Big Ships, Not So Bad…

…that is if you forget that they are gas-guzzling uber machines spewing carbon dioxide.

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Aerosols produced by the exhaust from large oceanic vessels often produce a thin line of clouds trailing miles behind a ship, an aerosol indirect effect (above). This effect is usually split into two processes:

the first indirect effect, whereby an increase in aerosols causes an increase in droplet concentration and a decrease in droplet size for fixed liquid water content (Twomey, 1974), and the second indirect effect, whereby the reduction in cloud droplet size affects the precipitation efficiency, tending to increase the liquid water content, the cloud lifetime (Albrecht, 1989), and the cloud thickness (Pincus and Baker, 1994).

These ship-caused clouds can reflect light. Locally this can be up to 100 watts per meter squared, for comparison the flux at the top of the atmosphere is around 340 watts per meter squared. Obviously, this is fairly large effect locally and potentially problematic given the thousands of ships that clog the ocean’s shipping lanes (below). What has not been quantified until now is how these clouds affect the global albedo (the extent to which the earth reflects light, defined as the ratio of reflected to incident electromagnetic radiation). Schreier et al. using satellite imagery, algorithms to extract ship clouds from the images, and modeling, estimate the impact on global albedo. Overall their analysis show that the effects are relatively small compared to the total anthropogenic effect (0.4 to 0.6mW/m2 versus 0.6 to 2.4 W/m2).

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Dr. M (1801 Posts)

Craig McClain is the Executive Director of the Lousiana University Marine Consortium. He has conducted deep-sea research for 20 years and published over 50 papers in the area. He has participated in and led dozens of oceanographic expeditions taken him to the Antarctic and the most remote regions of the Pacific and Atlantic. Craig’s research focuses on how energy drives the biology of marine invertebrates from individuals to ecosystems, specifically, seeking to uncover how organisms are adapted to different levels of carbon availability, i.e. food, and how this determines the kinds and number of species in different parts of the oceans. Additionally, Craig is obsessed with the size of things. Sometimes this translated into actually scientific research. Craig’s research has been featured on National Public Radio, Discovery Channel, Fox News, National Geographic and ABC News. In addition to his scientific research, Craig also advocates the need for scientists to connect with the public and is the founder and chief editor of the acclaimed Deep-Sea News (http://deepseanews.com/), a popular ocean-themed blog that has won numerous awards. His writing has been featured in Cosmos, Science Illustrated, American Scientist, Wired, Mental Floss, and the Open Lab: The Best Science Writing on the Web.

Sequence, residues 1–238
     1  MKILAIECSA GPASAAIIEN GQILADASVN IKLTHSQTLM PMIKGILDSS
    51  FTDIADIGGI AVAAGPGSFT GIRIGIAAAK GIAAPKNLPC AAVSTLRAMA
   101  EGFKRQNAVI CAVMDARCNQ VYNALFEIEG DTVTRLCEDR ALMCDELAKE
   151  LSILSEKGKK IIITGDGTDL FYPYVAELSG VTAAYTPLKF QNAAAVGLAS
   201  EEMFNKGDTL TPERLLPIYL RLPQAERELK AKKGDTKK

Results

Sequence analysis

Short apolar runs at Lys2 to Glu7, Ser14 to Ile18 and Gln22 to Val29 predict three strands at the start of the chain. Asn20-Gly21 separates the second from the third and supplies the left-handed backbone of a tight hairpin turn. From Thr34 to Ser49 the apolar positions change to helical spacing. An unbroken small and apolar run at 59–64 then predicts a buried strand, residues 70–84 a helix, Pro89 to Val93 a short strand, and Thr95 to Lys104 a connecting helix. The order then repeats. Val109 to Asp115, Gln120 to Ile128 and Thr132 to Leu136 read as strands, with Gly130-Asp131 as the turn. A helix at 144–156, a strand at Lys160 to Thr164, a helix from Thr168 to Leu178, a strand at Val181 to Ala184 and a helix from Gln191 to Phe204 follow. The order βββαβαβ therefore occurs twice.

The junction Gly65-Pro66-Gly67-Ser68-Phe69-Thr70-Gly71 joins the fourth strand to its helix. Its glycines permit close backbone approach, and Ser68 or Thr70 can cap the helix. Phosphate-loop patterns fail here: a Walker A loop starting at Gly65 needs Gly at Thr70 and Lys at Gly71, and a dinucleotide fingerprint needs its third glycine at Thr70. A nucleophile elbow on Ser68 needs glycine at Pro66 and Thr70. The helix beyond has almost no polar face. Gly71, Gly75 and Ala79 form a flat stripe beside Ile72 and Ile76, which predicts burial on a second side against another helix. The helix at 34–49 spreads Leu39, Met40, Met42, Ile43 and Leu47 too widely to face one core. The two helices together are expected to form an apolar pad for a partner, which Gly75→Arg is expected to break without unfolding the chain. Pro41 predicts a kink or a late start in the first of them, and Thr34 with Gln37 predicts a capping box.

5 Replies to “Big Ships, Not So Bad…”

  1. Okay, let’s start from the perspective that a) I haven’t looked at global albedo effects vs. global warming and b) I don’t have access to the full article. In practice, as an applied researcher, I’d have still (somewhere in the Discussion section, probably) have talked about the relationship between albedo and overall CO2, etc. effects of increased hydrocarbon burning/emissions — to do otherwise would be frankly shirking the application of such work.

    So, albedo might be good, but CO2 and CO emissions off those ships probably offset any of those positives. All positive anthropogenic effects of buying cheap wooden frogs and tequila/rum aside, big ships still equal bad things ecologically. My challenge to the authors of the study is to prove otherwise.

    Just my two-cents’ worth…

  2. Dave,
    Great point. The fossil fuels these ships guzzle and the emissions are still in play and may represent a considerable source to ecological damage. Have edited the post to say this.

  3. Wasn’t a similar point made after 9/11 with jet exhaust influencing weather or storm formation patterns?

  4. That sounds like a pretty significant effect to me .5W/M**2, versus a bit more than 1W/M**2 from CO2. If these numbers are right this effect could be masking about a third of the CO2 forcing!

    Jeb: The jet contrails occurring at high altitudes tend to have a warming effect (they shield more long wave radiation going to space than they reflect sunlight). Low clouds don’t shield much long-wave, as their temperature is not much different from the surface temperature. So from a cooling perspective low clouds good, high clouds bad.

    I have heard geo-engineering proposals to exploit this effect to mitigate climate warming. Of course we hopefully don’t need to burn fossil fuels to create condensation nuclei. And the geographic distribution of the forcing is un-even. But perhaps it can be used to mitigate the zeroth order effect of global temperature increase.

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